In a few weeks from now, Shane Ross hopes to find himself in the same position he was four years ago: re-elected to the Dáil and negotiating with potential coalition partners on participation in government.
Ross, along with his Independent Alliance colleagues, has experience of how both Fine Gael and Fianna Fáil negotiate.
In 2016, he was dealing with Enda Kenny for Fine Gael and Micheál Martin for Fianna Fáil as the 32nd Dáil struggled to make sense of the inconclusive result thrown up by that February's election.
Kenny, with whom Ross had a testy relationship, has since departed, replaced by Taoiseach Leo Varadkar. Martin still leads Fianna Fáil, and has targeted Ross for repeated criticism over the past four years.
“Micheál can do what he likes,” Ross says, before recalling the torturous 2016 Government formation negotiations.
“There’s a funny thing about the last negotiations,” says Ross. “Fianna Fáil was much easier to negotiate with.”
Martin’s party, the Dublin Rathdown TD said, was willing to agree to whatever Ross and others wanted.
“Fine Gael is much more kind of inflexible when you’re negotiating with them.
The Fine Gael “background”, according to Ross, is that they “have strong convictions”.
The Judicial Appointments Commission Bill championed by Ross has taken years to progress, and has still not passed all stages in the Oireachtas.
It was the cause of many of his rows with Kenny, and Ross acknowledges he blocked the appointment of judges at Cabinet because of slow progress on his Bill.
Ross says that it took himself and Finian McGrath, the other alliance member who attends Cabinet, a year or two to settle into Government.
“We didn’t feel very comfortable in Government and we felt we were almost the opposition sitting at the Cabinet table at one stage.
“The first few weeks were real hell. I had a very bad relationship with Enda Kenny, to start with. Going to Cabinet meetings was a weekly ambush.”
Relations got off to a poor start when Ross, in the middle of government negotiations, called Kenny a “political corpse”, a term he now acknowledges was “very hurtful”.
“It’s the sort of phraseology I use in print. I’m really sorry if it hurt him, because I didn’t mean to hurt him at all. I thought it was just part and parcel of the political colour.”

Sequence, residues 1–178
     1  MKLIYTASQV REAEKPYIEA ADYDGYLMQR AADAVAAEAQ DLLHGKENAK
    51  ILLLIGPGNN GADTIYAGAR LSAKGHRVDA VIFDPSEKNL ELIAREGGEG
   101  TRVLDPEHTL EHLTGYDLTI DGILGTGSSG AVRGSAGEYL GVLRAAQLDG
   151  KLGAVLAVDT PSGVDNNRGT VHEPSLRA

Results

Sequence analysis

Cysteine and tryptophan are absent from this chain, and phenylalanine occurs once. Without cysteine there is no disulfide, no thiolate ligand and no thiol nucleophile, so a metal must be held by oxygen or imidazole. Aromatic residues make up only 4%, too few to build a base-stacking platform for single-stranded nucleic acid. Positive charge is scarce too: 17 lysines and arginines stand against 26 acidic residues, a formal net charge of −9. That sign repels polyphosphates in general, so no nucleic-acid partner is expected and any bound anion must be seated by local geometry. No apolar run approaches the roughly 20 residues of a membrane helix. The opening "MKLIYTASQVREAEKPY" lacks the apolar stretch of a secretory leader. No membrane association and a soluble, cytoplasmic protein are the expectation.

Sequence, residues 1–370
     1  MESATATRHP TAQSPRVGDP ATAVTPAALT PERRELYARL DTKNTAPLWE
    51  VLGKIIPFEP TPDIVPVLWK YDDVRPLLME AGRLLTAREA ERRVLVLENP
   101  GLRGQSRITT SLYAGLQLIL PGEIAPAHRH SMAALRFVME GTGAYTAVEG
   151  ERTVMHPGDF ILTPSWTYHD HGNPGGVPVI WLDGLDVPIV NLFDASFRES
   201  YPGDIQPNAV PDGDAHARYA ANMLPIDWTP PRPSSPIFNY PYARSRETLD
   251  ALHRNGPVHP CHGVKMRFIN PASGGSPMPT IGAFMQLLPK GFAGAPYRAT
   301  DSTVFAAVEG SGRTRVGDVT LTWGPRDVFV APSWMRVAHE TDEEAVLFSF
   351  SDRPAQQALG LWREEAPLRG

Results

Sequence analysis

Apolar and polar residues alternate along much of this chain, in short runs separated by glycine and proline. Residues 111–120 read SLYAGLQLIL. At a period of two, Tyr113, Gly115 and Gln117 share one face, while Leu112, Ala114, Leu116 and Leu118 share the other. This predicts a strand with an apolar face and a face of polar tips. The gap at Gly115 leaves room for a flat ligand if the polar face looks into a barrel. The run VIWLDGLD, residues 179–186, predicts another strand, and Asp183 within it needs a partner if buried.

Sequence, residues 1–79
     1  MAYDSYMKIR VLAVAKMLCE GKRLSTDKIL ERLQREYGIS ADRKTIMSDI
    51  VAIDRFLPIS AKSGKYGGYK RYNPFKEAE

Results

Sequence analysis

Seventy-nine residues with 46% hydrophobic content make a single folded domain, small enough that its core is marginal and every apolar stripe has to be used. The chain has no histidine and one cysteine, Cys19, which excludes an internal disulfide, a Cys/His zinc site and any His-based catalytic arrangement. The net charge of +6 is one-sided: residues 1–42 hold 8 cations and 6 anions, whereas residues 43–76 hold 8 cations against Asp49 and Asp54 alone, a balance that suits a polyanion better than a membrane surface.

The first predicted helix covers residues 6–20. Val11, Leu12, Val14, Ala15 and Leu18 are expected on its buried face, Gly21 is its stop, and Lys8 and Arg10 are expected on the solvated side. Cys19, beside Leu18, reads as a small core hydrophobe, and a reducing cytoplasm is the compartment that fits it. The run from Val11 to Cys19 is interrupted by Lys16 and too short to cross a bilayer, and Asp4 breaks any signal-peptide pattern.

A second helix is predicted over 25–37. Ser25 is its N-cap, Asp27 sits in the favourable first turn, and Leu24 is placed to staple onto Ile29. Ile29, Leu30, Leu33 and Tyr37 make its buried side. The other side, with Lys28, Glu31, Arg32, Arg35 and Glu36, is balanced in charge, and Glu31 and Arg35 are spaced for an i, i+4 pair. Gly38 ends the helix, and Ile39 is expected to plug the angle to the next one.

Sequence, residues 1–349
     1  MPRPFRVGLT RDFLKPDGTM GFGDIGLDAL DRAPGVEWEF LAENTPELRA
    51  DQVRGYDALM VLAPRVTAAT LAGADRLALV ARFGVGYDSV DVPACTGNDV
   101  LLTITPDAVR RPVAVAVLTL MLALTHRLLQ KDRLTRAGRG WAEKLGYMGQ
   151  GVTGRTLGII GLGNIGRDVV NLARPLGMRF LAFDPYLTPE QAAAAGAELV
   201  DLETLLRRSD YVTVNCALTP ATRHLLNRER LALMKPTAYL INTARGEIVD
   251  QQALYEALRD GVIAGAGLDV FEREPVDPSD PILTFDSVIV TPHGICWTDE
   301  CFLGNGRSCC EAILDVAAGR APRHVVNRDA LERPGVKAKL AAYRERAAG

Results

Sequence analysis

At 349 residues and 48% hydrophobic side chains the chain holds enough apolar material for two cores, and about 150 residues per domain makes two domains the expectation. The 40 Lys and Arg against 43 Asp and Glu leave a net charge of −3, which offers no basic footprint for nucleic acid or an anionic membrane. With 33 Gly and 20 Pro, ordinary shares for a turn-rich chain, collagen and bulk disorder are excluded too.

Varadkar’s relationship with the Independent Alliance has been easier, and Ross is a fan of his current boss.
“He has a totally different style. I certainly had always in writing thoroughly approved of everything he does and I still do really think [I] approve of his basic philosophy.
“When he came out, I thought it was fantastic. He did something really special in Irish public life. I suppose he’s kind of liberal, which is wonderful, and he has good attitude to politics.”
Unsurprisingly, suggestions he has neglected his own transport brief for pet projects such as the Judicial Appointments Bill and constituency issues, such as the reopening of Stepaside Garda station, are rejected as a "myth", and he points towards increased investment in transport infrastructure, as well as legislation on drink-driving and penalty points.
Although he has been a lightning rod for criticism during the lifetime of the Government over the past four years, Ross has cut a more relaxed figure around Leinster House in recent months.
A number of successes on road traffic legislation, as well as his handling of the controversy surrounding the Football Association of Ireland, have restored his confidence.
There have been rows within the alliance, however, but Ross says the four-member group easily overcome their “spats”. Others, however, question if the group gathered together by Ross before the last election will survive the coming campaign, and predict its members will go their own way once the Dáil is dissolved.
Ross himself is looking forward to the contest, and says it may not even be his last.